Sometimes professional writers say that screenwriting success is *not* about luck – and get quite heated when people suggest it is, especially newer writers. As an example, Bang2writer Dominic Carver has written on his blog several times about contests and whether there is an element of luck involved, here is one of the posts – be sure to check out the comments, too. By coincidence, today professional writer Daniel Martin Eckhart has written on his blog about how stamina is key and comes above even talent. Check his post out here.
For the record, I don’t know a SINGLE writer who has had their work produced that was *suddenly* plucked out of obscurity, having done NO work! For every single media item out there – whether it’s a no budget film on YouTube, a prime time show on TV, or a feature hitting the theatres, DVD or film festivals or just a SCRIPT IN THE SPEC PILE – there has been blood, sweat and tears. Scratch the surface of ANY project and you will find all kinds of heartbreaking stuff for the writers and makers underneath. We’re talking major personal sacrifices, both in terms of TIME and FINANCIAL. All for something so many people will barely notice!! It’s a HARSH life, no question about it.
The novelist Dean Koontz wrote once, “People in the media work twice as hard for a product worth half as much“. I totally agree with this. We WORK OUR COLLECTIVE NADS OFF on all sorts of projects, in the hope of getting someone’s attention, most of the time making no or little money – and certainly never a living wage in “real” terms. Can you imagine a doctor, teacher, or even SHOP ASSISTANT for working for as little as we do? There would be an OUTCRY. And then, when we DO get someone’s attention and manage to get that project through all kinds of hoops others are NOT privy to, what happens? People call us “lucky”. OUCH.
Except… we are lucky! Therein lies the paradox. I think we are both unlucky and lucky in equal measures and I’ll explain why:
We do it for love. OK, having no money sucks. There’s no denying it. And even if we DO get paid for our specs and collaborations (and even some commissions we can include here), in comparison to the sheer amount of work we’ve done on them, no amount of money can truly compensate us… If you want to work it out on a hourly basis, one of my Bang2writers reckons he was paid MINUS £4.55 for every hour he spent on his produced feature (not sure exactly how he worked that one out, but makes for a good story to illustrate my point! LOL). But we are ONLY doing this work because we LOVE it – else we wouldn’t be doing it, ‘cos it’s certainly not for financial security! So if we don’t LOVE it, we can just STOP. End of. How many other jobs could we say the same as this?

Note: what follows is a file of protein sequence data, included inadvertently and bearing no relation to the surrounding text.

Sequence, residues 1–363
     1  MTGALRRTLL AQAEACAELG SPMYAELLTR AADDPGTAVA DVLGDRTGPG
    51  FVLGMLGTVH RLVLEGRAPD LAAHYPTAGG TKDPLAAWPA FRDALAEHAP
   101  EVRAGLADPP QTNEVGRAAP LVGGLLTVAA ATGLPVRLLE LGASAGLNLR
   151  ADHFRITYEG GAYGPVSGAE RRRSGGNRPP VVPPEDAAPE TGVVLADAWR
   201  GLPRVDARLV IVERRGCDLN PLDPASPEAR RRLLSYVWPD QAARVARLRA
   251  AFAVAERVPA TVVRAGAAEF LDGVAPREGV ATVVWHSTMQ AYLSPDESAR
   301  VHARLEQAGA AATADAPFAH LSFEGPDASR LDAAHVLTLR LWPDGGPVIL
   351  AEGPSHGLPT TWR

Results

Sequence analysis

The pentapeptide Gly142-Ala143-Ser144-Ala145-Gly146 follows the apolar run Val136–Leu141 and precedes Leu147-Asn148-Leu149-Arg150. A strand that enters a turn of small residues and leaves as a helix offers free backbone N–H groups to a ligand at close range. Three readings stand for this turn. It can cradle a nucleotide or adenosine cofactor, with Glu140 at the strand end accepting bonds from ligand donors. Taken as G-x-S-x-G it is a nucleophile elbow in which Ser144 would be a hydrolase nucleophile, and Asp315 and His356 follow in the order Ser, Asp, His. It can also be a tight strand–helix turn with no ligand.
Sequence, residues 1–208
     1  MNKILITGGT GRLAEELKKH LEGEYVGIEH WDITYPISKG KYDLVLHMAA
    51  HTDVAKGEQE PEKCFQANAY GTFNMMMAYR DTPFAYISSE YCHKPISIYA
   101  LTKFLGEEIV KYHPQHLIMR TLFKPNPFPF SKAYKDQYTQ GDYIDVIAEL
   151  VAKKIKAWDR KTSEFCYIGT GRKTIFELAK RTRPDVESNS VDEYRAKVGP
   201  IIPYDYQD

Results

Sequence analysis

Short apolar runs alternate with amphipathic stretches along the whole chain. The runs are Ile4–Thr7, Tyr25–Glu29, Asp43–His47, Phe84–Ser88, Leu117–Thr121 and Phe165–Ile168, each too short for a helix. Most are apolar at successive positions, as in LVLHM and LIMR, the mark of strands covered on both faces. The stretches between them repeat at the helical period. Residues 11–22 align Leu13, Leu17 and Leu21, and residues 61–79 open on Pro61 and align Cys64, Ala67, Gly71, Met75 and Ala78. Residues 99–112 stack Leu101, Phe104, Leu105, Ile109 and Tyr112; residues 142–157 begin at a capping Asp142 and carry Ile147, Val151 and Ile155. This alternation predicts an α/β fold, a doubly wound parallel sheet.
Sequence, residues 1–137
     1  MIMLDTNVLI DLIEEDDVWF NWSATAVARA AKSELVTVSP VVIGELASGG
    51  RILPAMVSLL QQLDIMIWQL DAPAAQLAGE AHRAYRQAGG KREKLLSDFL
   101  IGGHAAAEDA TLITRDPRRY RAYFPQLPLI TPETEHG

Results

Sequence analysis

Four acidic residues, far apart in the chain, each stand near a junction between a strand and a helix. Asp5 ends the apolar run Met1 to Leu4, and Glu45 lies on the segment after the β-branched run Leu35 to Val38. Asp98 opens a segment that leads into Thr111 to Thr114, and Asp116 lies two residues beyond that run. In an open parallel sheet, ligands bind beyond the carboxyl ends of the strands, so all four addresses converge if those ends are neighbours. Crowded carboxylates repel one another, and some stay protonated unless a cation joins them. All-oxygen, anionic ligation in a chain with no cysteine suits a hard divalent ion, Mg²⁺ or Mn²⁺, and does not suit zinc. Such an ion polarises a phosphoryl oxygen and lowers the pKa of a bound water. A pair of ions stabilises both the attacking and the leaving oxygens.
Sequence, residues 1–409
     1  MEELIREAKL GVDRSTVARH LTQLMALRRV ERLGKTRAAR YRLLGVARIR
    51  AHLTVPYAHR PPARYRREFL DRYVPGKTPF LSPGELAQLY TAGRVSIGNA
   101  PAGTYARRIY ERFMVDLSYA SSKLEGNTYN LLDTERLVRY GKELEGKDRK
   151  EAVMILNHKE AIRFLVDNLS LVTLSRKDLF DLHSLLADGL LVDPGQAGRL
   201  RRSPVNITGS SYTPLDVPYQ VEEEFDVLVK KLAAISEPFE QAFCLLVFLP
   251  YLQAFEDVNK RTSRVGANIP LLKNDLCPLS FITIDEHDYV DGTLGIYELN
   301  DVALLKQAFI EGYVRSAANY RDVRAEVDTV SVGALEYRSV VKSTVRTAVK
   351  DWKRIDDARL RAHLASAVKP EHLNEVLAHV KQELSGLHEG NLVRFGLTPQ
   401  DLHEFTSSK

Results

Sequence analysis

Produced work means the writer in question HAS to have caught a break **somewhere**. We’ve all heard the phrase, “right time, right place” and this DOES figure in getting produced work out there, as unfashionable as it is to say this. We can write the BEST script in the world and network with all the “right” people, but if the **need** is not there for that particular writer, then their stuff is simply not going to get made. End of. Besides anything, relationships with the “right” people can take YEARS to establish, there is no “quick route”. So TRY telling the team it’s “all about hard work” who’ve missed out on film finance for no other reason than that particular pot of money has been cut at the last minute. Or the writer who had a promising budding relationship with an agent – who suddenly left or went on maternity leave. Or the writer whose work was dumped the moment a new producer came in on a TV show, because the decks got cleared. NONE of those things relate to the work of the writers in question, the writers themselves, nor their hard graft. And YES, all of those things have happened to me. But when this happens, we have to remember pt number 1 on this list, as difficult as it can be.
Bad luck always turns to good luck and vice versa So as above, we all know of writers who had runs of EXTRAORDINARY bad luck, sometimes for extended periods. It’s not that their work is pants; it’s not that they interview badly; it’s not they’ve burned too many bridges. Whilst the answer is to simply keep going, it can be incredibly demoralising. 2008 for me was the worst year EVER! Despite having a whole bunch of irons in the fire and doing a huge stack of work, not one of my projects came to fruition – NOT ONE! During that time I saw several of my peers catch their break: in comparison to my efforts, theirs paid off- yet we were working at that same pace, on the same type of projects, going for the same type of opportunities. It was so GALLING, because what I was not doing, that they were? (Though I should add I did not blame THEM, nor begrudge them their actual success, which was totally deserved). Fast forward the last two years and I’ve caught a couple of couple of breaks in the form of Deviation and The London Screenwriters’ Festival and the tables have turned and my friends report a complete dearth of work on *their* horizons (for which I totally sympathise btw, no laughing and pointing here! Noooo sirrreeeee). But it is proof none of us should despair OR get complacent.
You’ll get no argument from when if you’re of the belief it’s TOTALLY about hard work, first and foremost; I think it’s important to recognise our own success as a writer will come as a direct result of that. However, I also think it’s important to realise it *could* have worked out very differently, despite our best efforts. Whilst *some* writers would rather whinge about luck than actually do the work (and we all know one of those, or have seen them on e-bulletins and message boards), I would venture there’s plenty MORE out there who DESERVE to catch a break and haven’t yet.
ON THIS BLOG BEFORE ABOUT LUCK: